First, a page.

Saturday, August 29, 2020

Skyrocketing Lumber Prices Just One Factor Hurting Builders

There has been an 80% increase in lumber prices since the Coronavirus hit our country in March. That is an $8,000 cost increase for a 2,000 sq ft home.

Modular home factories are especially sensitive to lumber and other building material pricing since they tend to quote houses and commercial work out sometimes as long as 6 months. 

Many factories have been sending out almost weekly surcharges to builders and developers with recent ones being higher than ever before. 

Lumber mills, at least the ones that have reopened, are running at capacity but it isn’t enough to keep the DIY crowd, site builders and off-site factories supplied.

You would think rising costs would keep new home buyers from building but with interest rates at all-time lows and the exodus of new home buyers leaving cities, the demand for new housing is increasing.

With a skilled labor shortage, the safety and health precautions instituted for the pandemic and the shortage of building materials from China, many modular factories are being forced to rethink how their production line should operate.

Do they put a hold on a module for the line until everything for it has arrived or do they simply slow down the line or maybe they should send every module through the line and complete them in the yard when product arrives.

No easy answer to that when you consider the hard costs associated with running a modular production line.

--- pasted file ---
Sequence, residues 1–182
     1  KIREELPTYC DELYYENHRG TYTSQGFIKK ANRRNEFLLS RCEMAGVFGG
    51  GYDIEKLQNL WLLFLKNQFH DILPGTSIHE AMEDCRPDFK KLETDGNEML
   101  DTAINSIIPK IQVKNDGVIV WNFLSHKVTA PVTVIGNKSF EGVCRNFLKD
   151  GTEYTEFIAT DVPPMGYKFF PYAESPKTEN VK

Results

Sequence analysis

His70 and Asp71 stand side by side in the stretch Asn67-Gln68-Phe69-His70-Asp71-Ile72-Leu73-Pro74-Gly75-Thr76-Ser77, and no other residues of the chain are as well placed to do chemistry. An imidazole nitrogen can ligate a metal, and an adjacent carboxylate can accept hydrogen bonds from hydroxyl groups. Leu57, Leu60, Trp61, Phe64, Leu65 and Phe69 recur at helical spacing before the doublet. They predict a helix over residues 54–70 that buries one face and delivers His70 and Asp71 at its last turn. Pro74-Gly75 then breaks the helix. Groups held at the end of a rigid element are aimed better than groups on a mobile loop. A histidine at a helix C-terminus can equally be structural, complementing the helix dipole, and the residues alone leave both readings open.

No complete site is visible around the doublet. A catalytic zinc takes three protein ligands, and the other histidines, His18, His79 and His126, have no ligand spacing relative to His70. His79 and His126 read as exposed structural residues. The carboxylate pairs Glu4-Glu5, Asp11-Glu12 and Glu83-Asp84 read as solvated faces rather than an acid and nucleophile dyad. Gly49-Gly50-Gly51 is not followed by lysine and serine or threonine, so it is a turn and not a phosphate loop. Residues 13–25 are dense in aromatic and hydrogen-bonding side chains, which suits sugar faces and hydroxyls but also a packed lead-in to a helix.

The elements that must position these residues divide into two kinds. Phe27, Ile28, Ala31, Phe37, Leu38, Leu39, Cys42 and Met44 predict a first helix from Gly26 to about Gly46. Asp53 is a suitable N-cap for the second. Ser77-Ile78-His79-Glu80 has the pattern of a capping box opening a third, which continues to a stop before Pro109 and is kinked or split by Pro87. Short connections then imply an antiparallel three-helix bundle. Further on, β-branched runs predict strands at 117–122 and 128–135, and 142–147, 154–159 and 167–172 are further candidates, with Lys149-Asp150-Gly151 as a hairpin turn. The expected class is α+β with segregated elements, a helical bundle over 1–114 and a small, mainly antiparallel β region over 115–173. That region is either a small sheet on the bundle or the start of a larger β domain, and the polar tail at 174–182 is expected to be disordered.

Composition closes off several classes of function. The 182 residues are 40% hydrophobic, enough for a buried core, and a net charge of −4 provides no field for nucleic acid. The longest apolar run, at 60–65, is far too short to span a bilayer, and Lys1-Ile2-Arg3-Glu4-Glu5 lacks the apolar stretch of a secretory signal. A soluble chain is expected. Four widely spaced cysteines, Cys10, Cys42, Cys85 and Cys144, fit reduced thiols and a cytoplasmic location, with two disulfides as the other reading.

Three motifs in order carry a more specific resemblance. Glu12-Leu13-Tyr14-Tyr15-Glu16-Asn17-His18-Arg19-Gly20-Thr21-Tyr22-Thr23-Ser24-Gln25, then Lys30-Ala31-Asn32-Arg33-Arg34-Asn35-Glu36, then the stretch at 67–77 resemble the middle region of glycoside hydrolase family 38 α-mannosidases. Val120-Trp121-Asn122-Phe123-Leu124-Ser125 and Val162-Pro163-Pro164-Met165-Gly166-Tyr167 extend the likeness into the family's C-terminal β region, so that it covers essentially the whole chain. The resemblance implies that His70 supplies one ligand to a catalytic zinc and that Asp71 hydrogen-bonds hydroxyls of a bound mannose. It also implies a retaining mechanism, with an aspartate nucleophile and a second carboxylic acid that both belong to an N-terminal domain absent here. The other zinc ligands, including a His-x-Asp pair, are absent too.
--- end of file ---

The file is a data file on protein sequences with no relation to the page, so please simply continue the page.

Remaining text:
Even with all these problems, sales continue to grow for factories with many scheduling their production out 6 months. That may seem like an exorbitant amount of lead time but honestly, site builders are in the same boat with many of them not able to even quote houses for next year.

No matter what happens in the construction industry, I would rather be a modular builder than either a site or panel builder. Not having to search for electricians, plumbers, drywallers and finish carpenters makes going modular an easy choice.


  1. Thanks Gary Fleisher. You continue to provide insights to the construction / modular industry.

  2. Record low interest rates are offsetting this pricing increase in regards to housing demand.

  3. Gary Fleisher we have about $200M of lumber purchases per annum - low interest means nothing other than the increase costs slightly less but overall the impacts are massive

  4. I'm not saying the total cost for the developer or builder isn't higher. I'm saying the housing demand has and will remain high as the end consumer is obsessed with a monthly payment number. Banks push a debt to equity ratio for qualifying owners or the final customer. So a $8000 additional cost on a 2000 square ft home is less than a 3% total cost per house and will be nothing more than a temporary pass through cost that has not affected housing demand.

  5. Grant Leavitt, don't forget the modular factory will add a 20% profit to that and the builder or developer will add another 20% on the factory's new cost. That makes the increased cost to the buyer an additional $12,500, not $8,000.